If a pet food lists “meat by-products” on the label, remember that this is the material that usually comes from the slaughterhouse industry or dead stock removal operations, classified as condemned or contaminated, unfit for human consumption. Meat meal, meat and bone meal, digests, and tankage (specifically animal tissue including bones and exclusive of hair, hoofs, horns, and contents of digestive tract) are composed of rendered material. The label need not state what the composition of this material is, as each batch rendered would consist of a different material. These are the sources of protein that we are feeding our companion animals.

In 1996, I decided to find out the cost of this “quality” material that the pet food companies purchase from the rendering facilities. Aware that a phone call from an ordinary citizen would not elicit the information I required, I set about forming my own independent pet food company. Stating that my company was about to begin producing quality pet food, I asked for a price quote on meat by-products and meat meal from a Canadian rendering company and from a U.S. rendering company. Both facilities I contacted were more than pleased to provide this information. As I was just a small company and did not require that much material to begin production, the cost was higher than it would have been for one of the large multinationals. Meat and bone meal, with a content of a minimum of 50% protein, 12% fat, 8% moisture, 8% calcium, 4% phosphorus, and 30% ash, could be purchased by me, a small independent company for less than 12¢ (Canadian) a pound. As for the meat by-products the prices varied: liver sold at 21¢ per pound, veal at 22¢ per pound, and lungs for only 12¢ per pound.

The main ingredient in dry food for dogs and cats is corn. However, on further investigation, I found that according to the AAFCO, the list is lengthy as to the corn products that can be used in pet food. These include, but are not limited to the following ingredients.

  • Corn four is the fine-size hard flinty portions of ground corn containing little or none of the bran or germ.
  • Corn bran  is the outer coating of the corn kernel, with little or none of the starchy part of the germ.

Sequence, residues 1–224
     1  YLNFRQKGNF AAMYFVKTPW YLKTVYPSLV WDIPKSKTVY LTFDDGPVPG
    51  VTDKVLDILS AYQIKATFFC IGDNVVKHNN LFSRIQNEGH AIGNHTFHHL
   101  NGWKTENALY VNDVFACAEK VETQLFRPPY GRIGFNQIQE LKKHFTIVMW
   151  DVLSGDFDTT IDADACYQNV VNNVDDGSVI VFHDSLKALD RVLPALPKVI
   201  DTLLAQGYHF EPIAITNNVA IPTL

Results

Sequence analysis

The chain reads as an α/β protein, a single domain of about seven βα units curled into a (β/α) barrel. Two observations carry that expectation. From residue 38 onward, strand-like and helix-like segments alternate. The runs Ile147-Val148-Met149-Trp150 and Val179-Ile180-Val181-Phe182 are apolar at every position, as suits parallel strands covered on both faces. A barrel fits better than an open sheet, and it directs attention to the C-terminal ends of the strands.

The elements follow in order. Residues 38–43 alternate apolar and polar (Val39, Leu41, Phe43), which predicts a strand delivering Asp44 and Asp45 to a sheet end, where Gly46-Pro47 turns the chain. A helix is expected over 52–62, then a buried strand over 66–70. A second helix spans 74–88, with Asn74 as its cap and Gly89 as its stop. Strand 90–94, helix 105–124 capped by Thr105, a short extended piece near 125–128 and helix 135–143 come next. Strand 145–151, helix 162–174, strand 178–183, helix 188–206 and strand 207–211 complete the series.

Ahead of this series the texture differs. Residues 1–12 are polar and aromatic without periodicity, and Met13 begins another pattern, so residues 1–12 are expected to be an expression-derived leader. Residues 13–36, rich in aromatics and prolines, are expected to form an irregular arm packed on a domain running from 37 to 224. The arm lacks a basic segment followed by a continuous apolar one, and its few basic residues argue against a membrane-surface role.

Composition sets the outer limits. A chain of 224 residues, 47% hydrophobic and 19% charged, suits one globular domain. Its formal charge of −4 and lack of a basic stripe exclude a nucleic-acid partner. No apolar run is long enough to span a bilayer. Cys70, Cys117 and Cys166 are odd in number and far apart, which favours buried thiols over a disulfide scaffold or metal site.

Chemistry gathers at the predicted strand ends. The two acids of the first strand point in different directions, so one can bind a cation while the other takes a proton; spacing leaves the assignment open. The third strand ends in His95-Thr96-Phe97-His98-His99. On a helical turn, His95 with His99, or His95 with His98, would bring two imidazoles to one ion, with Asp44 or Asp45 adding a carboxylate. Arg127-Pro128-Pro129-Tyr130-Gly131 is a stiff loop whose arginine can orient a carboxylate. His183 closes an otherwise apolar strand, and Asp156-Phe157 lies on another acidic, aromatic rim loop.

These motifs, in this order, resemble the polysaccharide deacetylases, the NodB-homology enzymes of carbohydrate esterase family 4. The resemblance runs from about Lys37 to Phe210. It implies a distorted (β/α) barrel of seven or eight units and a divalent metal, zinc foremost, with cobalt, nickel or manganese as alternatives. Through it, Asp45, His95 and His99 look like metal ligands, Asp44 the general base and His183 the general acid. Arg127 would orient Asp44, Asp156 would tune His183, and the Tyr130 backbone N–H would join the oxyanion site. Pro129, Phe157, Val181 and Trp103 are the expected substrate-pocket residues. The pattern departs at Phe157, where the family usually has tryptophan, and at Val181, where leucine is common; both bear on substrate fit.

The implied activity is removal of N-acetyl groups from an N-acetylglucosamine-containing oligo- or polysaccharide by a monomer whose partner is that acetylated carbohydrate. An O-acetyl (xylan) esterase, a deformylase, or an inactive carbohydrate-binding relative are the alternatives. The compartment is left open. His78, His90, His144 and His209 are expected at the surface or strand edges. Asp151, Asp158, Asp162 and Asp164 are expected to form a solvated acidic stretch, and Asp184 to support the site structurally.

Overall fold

• Corn gluten meal  is the dried residue from corn after the removal of the larger part of the starch and germ, and the separation of the bran by the process employed in the wet milling manufacture of corn starch or syrup, or by enzymatic treatment of the endosperm.

Wheat  is a constituent found in many pet foods. Again the AAFCO gives descriptive terms for wheat products. Wheat flour consists principally of wheat flour together with fine particles of wheat bran, wheat germ, and the offal from the “tail of the mill.” Tail of the mill is nothing more then the sweepings of leftovers after everything has been processed from the week.

Wheat germ meal consists chiefly of wheat germ together with some bran and middlings or shorts. Wheat middlings and shorts are also categorized as the fine particles of wheat germ, bran, flour and offal from the “tail of the mill.”

Both corn and wheat are usually the first ingredients listed on both dry dog and cat food labels. If they are not the first ingredients, they are the second and third that together make up most of the sources of protein in that particular product. Perhaps the pet food industry is not aware that cats are carnivores and therefore should derive their protein from meat, not grains?

In 1995, one large pet food company, located in California, recalled $20 million worth of its dog food. This food was found to contain vomitoxin. Vomitoxin is formed when grains become wet and moldy. This toxin was found in “wheat screenings” used in the pet food. The FDA did investigate but not out of concern for the more than 250 dogs that became ill after ingesting this food. It investigated because of concerns for human health. The contaminated wheat screenings were the end product of wheat flour that would be used in the making of pasta. Wheat for baking flour requires a higher quality of wheat. Wheat screenings, which are not used for human consumption, can include broken grains, crop and weed seeds, hulls, chaff, joints, straw, elevator or mill dust, sand, and dirt.

Fats give off a pungent odor that entices your pet to eat the garbage.

Fat is usually the second ingredient listed on the pet food labels. Fats can be sprayed directly on the food or mixed with the other ingredients. Fats give off a pungent odor that entices your pet to eat the garbage. These fats are sourced from restaurant grease. This oil is rancid and unfit for human consumption. One of the main sources of fat comes from the rendering plant. This is obtained from the tissues of mammals and/or poultry in the commercial process of rendering or extracting.

An article in Petted Industry magazine does not indicate concern about the impurities in this rendered material as it relates to pet food. Dr. Tim Phillips writes, “Impurities could be small particles of fiber, hair, hide, bone, soil or polyethylene. Or they could be dirt or metal particles picked up after processing (during storage and/or transport). Impurities can cause clogging problems in fat handling screens, nozzles, etc. and contribute to the build-up of sludge in storage tanks.”